Stimulus phase locking of cortical oscillation for auditory stream segregation in rats

PLoS One. 2013 Dec 20;8(12):e83544. doi: 10.1371/journal.pone.0083544. eCollection 2013.


The phase of cortical oscillations contains rich information and is valuable for encoding sound stimuli. Here we hypothesized that oscillatory phase modulation, instead of amplitude modulation, is a neural correlate of auditory streaming. Our behavioral evaluation provided compelling evidences for the first time that rats are able to organize auditory stream. Local field potentials (LFPs) were investigated in the cortical layer IV or deeper in the primary auditory cortex of anesthetized rats. In response to ABA- sequences with different inter-tone intervals and frequency differences, neurometric functions were characterized with phase locking as well as the band-specific amplitude evoked by test tones. Our results demonstrated that under large frequency differences and short inter-tone intervals, the neurometric function based on stimulus phase locking in higher frequency bands, particularly the gamma band, could better describe van Noorden's perceptual boundary than the LFP amplitude. Furthermore, the gamma-band neurometric function showed a build-up-like effect within around 3 seconds from sequence onset. These findings suggest that phase locking and amplitude have different roles in neural computation, and support our hypothesis that temporal modulation of cortical oscillations should be considered to be neurophysiological mechanisms of auditory streaming, in addition to forward suppression, tonotopic separation, and multi-second adaptation.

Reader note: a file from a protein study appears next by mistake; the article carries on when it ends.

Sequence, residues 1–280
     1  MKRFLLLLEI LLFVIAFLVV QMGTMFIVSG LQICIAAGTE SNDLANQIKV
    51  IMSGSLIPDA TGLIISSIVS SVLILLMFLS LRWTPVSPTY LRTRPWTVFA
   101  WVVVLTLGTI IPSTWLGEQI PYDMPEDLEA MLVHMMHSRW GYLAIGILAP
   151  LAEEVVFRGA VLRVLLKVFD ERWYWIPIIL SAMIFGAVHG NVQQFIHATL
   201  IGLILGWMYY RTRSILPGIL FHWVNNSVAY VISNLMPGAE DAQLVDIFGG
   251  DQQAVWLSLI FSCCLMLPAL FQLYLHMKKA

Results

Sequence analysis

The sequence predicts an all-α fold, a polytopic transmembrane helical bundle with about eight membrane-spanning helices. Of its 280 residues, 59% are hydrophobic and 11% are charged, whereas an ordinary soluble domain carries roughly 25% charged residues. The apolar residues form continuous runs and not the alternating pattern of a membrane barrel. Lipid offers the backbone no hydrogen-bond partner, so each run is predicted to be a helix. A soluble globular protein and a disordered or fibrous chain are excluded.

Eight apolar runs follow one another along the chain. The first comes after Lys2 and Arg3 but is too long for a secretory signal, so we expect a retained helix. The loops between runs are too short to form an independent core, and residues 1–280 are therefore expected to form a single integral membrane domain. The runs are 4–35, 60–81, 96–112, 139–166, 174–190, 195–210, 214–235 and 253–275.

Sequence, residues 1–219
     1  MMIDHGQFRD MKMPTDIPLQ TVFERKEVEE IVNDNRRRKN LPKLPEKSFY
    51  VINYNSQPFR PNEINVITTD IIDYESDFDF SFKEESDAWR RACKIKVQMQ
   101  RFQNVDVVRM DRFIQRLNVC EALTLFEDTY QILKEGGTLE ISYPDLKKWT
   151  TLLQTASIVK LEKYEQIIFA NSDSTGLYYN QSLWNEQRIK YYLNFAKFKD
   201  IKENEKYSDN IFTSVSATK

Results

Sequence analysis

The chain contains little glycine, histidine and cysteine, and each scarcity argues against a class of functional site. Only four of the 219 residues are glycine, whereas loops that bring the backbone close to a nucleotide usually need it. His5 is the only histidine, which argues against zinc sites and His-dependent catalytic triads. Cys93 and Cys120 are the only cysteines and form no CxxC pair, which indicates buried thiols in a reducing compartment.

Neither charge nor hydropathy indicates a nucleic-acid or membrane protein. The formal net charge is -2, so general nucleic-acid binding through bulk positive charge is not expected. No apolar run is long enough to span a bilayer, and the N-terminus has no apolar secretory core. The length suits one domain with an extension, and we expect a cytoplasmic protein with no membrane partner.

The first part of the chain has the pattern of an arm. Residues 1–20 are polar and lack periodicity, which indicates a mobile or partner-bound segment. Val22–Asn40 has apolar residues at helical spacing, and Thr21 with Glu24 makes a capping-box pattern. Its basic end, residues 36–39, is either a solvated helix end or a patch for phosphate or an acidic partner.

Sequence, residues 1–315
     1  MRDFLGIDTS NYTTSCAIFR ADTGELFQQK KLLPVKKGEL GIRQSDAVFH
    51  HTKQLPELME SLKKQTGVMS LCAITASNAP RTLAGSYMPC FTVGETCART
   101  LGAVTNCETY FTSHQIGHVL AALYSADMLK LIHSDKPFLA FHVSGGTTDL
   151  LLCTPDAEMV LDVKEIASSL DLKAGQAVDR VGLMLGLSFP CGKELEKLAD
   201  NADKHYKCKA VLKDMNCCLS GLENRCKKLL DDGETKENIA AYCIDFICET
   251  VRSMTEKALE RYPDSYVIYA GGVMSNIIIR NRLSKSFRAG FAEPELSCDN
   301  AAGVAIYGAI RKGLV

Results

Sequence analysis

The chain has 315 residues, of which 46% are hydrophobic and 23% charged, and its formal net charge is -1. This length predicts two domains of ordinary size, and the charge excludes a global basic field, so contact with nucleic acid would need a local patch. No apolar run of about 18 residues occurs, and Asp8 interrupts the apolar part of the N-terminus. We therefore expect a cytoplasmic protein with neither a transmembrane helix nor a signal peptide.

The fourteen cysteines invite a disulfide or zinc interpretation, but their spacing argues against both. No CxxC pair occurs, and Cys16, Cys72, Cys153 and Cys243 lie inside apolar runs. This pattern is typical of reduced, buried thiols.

Publication types

  • Research Support, Non-U.S. Gov't

MeSH terms

  • Acoustic Stimulation*
  • Animals
  • Auditory Cortex / cytology
  • Auditory Cortex / physiology*
  • Auditory Perception / physiology*
  • Behavior, Animal / physiology
  • Electrophysiological Phenomena*
  • Male
  • Neurons / cytology
  • Rats
  • Rats, Wistar

Grant support

The present work was supported in part by SCOPE (121803022) and Kakenhi (24650252, 23135507). The funders had no role in study design, data collection and analysis, decision to publish, or preparation of the manuscript.